Scam victim Madam Lim showing a document and a picture of a Chinese official that were sent to her by scammers. ST PHOTO: FELINE LIM

Mr Koh Juay Meng, chairman of RSVP Singapore, a non-profit group that encourages volunteerism among seniors, said the Covid-19 pandemic has made seniors more vulnerable to scams.

He said: "A lot of seniors are isolated and live alone so they are lonely. So, when (a scammer) speaks nicely to them or sends them a link they want to see, they will be very excited and go for it."

Since March 22, RSVP Singapore has been organising workshops about cyber security and scams at The Majestic Smart Seniors Applied Learning Centre in Chinatown, hoping to help 500 seniors.

The workshops are conducted by trainers from RSVP Singapore and its partners such as Google.

Since last August, the People's Association has also been conducting physical workshops informing seniors about the existence of fake TraceTogether mobile apps which may phish their personal data.

They are also warned against phishing e-mails such as one which asks for a Zoom user's log-in details in order to activate their accounts.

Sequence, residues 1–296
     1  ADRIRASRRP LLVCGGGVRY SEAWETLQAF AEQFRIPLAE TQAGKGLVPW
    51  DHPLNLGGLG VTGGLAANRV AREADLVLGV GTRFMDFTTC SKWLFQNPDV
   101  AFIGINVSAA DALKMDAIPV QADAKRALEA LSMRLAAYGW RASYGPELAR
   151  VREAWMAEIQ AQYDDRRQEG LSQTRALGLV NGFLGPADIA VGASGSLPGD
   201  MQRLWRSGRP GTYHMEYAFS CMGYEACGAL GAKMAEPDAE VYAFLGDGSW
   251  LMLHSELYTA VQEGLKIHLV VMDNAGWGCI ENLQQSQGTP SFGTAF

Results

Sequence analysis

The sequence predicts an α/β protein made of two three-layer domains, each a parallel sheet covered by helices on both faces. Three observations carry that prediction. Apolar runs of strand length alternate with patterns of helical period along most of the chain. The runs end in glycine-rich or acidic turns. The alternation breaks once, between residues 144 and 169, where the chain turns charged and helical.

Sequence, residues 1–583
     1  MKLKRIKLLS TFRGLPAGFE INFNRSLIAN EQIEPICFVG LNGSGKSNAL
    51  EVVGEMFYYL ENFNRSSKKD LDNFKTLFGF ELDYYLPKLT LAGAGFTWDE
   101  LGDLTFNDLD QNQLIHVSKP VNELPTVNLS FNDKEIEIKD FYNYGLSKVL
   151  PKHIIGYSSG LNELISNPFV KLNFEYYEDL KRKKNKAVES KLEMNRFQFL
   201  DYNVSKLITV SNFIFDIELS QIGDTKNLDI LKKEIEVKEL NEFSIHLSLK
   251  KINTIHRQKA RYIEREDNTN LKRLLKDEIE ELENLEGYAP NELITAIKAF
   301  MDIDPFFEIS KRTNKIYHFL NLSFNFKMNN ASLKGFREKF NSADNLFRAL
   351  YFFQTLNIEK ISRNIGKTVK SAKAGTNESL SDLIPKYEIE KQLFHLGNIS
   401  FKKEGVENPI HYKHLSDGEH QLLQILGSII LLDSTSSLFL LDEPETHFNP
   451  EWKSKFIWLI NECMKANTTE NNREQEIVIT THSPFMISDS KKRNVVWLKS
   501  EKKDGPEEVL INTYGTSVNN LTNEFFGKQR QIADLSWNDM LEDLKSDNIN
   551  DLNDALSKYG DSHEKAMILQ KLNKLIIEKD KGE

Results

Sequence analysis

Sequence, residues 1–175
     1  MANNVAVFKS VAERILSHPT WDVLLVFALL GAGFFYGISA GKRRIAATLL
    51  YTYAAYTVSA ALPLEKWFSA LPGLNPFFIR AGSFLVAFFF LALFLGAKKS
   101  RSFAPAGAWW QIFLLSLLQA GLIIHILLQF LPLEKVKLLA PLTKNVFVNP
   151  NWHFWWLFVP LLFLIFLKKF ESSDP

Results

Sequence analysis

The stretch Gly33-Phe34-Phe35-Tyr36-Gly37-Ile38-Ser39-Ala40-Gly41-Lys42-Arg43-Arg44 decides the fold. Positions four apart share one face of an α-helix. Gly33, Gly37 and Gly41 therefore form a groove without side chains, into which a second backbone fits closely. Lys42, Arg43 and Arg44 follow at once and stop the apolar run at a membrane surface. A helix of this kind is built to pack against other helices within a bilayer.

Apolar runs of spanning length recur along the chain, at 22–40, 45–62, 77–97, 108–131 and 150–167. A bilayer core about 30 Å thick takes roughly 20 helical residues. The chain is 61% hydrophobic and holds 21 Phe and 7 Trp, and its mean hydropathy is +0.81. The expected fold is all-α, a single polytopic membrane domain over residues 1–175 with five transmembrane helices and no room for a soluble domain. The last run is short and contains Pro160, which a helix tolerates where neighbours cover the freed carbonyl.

Social service agency Lions Befrienders is also partnering technology firm NTT to conduct hybrid workshops for seniors to help them identify common scams and red flags online.

By May, almost 1,000 seniors would have attended these workshops, which are conducted in four languages - English, Mandarin, Malay and Tamil.

Ms Karen Wee, Lions Befrienders' executive director, said: "Being scammed can be a traumatic experience for seniors, who may experience feelings of betrayal and bitterness. They can become less trusting of people around them, which leads to further social isolation."

Healthcare professional Chng P. L, 38, said his mother, 70, has been grieving over the loss of a significant portion of her life savings after she fell victim to a tech support scam in December.

She lost about $310,000 after she gave her one-time password to scammers who claimed her debit card had been deactivated.

Mr Chng said: "Seniors are not so savvy, they are definitely more trusting when receiving calls or visits from people who identify themselves with institutions like banks and government institutions.